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Ask any chiptune artist and they’ll tell you: Music just sounds better when it’s piped straight out of the headphone jack of a gaming device and into a cranked PA system. Classic Game Boys may be the preferred tool among many such musicians, but the Nintendo DS is proving to be an increasingly strong platform for music creators. Mixing a touch of the ’80s with the portability and stylus-input of Nintendo’s latest handheld, the KORG DS-10 Synthesizer is an awesome new weapon to add to your audio creation arsenal.

Toshio Iwai’s delightful Electroplankton first tested the waters of music creation on the DS, with very limited song generation elements that emphasized experimentation over actual composition. Still, users found ways to work the game’s sounds into songs and recordings. Last year, Jam Sessions turned the DS into a fully functioning, portable acoustic guitar that spawned a flood of creative and goofy ballads. Though both of these games let users dabble with music making on the DS, AQ Interactive takes things to the next level with the KORG DS-10, an upgraded pocket version of the KORG MS-10 synthesizer produced in the late ’70s and early ’80s. Not only is it easily the most robust officially released music creation software for the handheld to date, it’s seriously fun to just noodle around with.

The DS-10 is more of a tool than a toy, so don’t expect to find any real gameplay elements here. The “play” component is found in the act of making music. This alone is engaging enough to consume entire days of your free time once you get familiar with how things work. The DS-10 gives you a four-channel drum sequencer, two separate keyboard synth channels, a 16-step song sequencer and a handful of neat FX gizmos to craft your tunes with. Alongside these core elements from the classic synthesizer are plenty of minor updates and tweaks to the DS that make it a lot easier to create tunes on the fly.

What’s great about making music with DS-10 is its flexibility. Instead of piecing together lamely pre-recorded and condensed samples, you create your own synth sounds that you can play through the on-screen keyboard or by manually inputting notes into a sequencer. In either case, the stylus is a perfect tool for manipulating knobs, adding notes and tapping keys. Each synth channel starts with a basic sound that you can tweak and modify with various FX. It’s possible to create a broad range of tones, from smooth bass lines and retro blips to jagged shrieks and cheesy Atari-sounding sweeps. Overall, the sound quality is extremely impressive, and the KORG emulation is near perfect. Other tools like FX patches and the real-time modulation KAOSS Pad let you throw down some far-out noises amidst more structured synth lines. Even better, the DS lets you store these custom sounds for later access – a feature that wasn’t possible on the original KORG hardware.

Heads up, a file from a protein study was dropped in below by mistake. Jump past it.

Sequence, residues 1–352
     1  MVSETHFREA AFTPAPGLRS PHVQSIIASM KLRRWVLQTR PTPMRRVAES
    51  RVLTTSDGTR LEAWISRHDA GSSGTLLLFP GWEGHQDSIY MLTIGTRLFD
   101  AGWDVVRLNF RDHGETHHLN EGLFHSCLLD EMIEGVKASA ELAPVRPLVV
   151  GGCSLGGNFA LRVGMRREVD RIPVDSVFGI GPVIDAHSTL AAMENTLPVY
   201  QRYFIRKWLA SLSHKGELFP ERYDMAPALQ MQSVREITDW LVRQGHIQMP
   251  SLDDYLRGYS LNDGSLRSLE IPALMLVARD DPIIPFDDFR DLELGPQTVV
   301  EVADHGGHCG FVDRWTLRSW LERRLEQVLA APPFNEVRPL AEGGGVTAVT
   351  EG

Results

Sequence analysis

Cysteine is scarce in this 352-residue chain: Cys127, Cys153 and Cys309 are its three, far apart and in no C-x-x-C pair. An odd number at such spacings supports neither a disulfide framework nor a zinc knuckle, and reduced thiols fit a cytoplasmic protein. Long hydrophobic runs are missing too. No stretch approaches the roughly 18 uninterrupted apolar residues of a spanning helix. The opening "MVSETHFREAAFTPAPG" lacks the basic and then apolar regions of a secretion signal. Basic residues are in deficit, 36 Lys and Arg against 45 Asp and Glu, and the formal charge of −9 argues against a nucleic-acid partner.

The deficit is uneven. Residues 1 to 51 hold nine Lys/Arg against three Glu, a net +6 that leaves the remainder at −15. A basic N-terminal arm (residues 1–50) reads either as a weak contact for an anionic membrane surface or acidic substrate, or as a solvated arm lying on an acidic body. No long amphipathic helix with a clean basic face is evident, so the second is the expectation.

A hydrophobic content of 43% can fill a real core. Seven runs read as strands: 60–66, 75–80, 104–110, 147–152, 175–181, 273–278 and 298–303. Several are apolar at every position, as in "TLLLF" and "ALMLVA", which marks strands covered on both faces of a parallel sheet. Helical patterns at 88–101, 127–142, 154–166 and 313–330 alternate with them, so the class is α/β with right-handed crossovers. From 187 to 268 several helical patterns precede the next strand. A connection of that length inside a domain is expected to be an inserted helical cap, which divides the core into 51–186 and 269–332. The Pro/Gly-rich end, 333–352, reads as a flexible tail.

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Once you create the synth tones you’re going for, it’s very easy to craft melodies by poking around the virtual touch keyboard or inputting them individually into a sequencer. You can also tap a record button on the fly to have the program loop any cool improvised riffs you’ve thrown together. Switching back and forth between the two separate synth channels lets you program a foundation melody on one and then jump back to the other to jam along to it. Add in some rhythm and things start to shape up nicely.

The drums sounds are pretty basic (think ’80s drum machines), but you can individually adjust each of the four channels to create new beats. Programming the actual rhythms is as simple as tapping the grid where you want to the beat to go. Tapping a note once will fill it, while tapping it again will erase it. This, coupled with four touch pads for manual drum fills, makes rhythm programming effortless. You can adjust the tempo to suit your needs as well. Playing around and manipulating a single loop is fun, but you can also save numerous patterns and input them into a larger grid to create an entire song from the ground up.

The DS-10 eschews a bright and colorful design for one that very closely resembles the physical KORG hardware it’s based on. It’s comprised of dark, gloomy grays and menus filled with industrial looking knobs, grids, switches, input jacks and wires. The interface makes the most of the DS’s two screens – you can swap all of the menus between the top and bottom screens with a quick tap. As a result, you can navigate the menus with the stylus very quickly, which makes it less cumbersome to switch between the different elements while you’re playing a song.

Other functions afforded by the DS’s technology substantially extend the synth program’s usability. The ability to save almost two dozen complete songs is simply glorious, and you can wirelessly exchange saved data from one DS to another. Also, you can sync up to eight DS systems together wirelessly to greatly expand the performance possibilities. Check out this guy here for a taste of how it works.

For all its greatness, the program does have its limitations. The DS-10 can perform a meager level of sequencing and song creation, but it’s definitely not as expansive as full-blown software. It primarily excels as a pocket instrument. Like any musical tool, the more time and effort you put into it, the more rewarding the experience becomes.

Bottom Line: The KORG DS-10 is an amazingly fun musical program with a great amount of depth. Musically inclined users will be able to squeeze a lot from this package, and casual dabblers should have no problem coming up with some cool tunes (after reading the manual).

Recommendation: Buy it if you can find it. This item is a rare treat.

Nathan Meunier can’t shake the sudden urge form an ’80s pop supergroup.

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